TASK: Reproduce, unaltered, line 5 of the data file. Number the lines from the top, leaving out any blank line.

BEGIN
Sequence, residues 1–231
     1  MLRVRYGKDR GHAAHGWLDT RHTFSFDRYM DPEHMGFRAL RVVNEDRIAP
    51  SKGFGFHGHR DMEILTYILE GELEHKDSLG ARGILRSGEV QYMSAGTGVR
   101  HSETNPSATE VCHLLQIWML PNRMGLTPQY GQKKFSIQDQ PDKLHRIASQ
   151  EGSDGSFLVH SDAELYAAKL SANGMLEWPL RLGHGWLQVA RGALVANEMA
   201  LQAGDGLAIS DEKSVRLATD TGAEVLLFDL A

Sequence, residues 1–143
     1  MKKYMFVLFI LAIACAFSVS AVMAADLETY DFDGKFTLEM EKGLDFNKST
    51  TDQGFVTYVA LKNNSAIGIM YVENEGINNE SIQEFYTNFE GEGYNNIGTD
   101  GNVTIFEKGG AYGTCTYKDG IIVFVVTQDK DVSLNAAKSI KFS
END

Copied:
   151  EGSDGSFLVH SDAELYAAKL SANGMLEWPL RLGHGWLQVA RGALVANEMA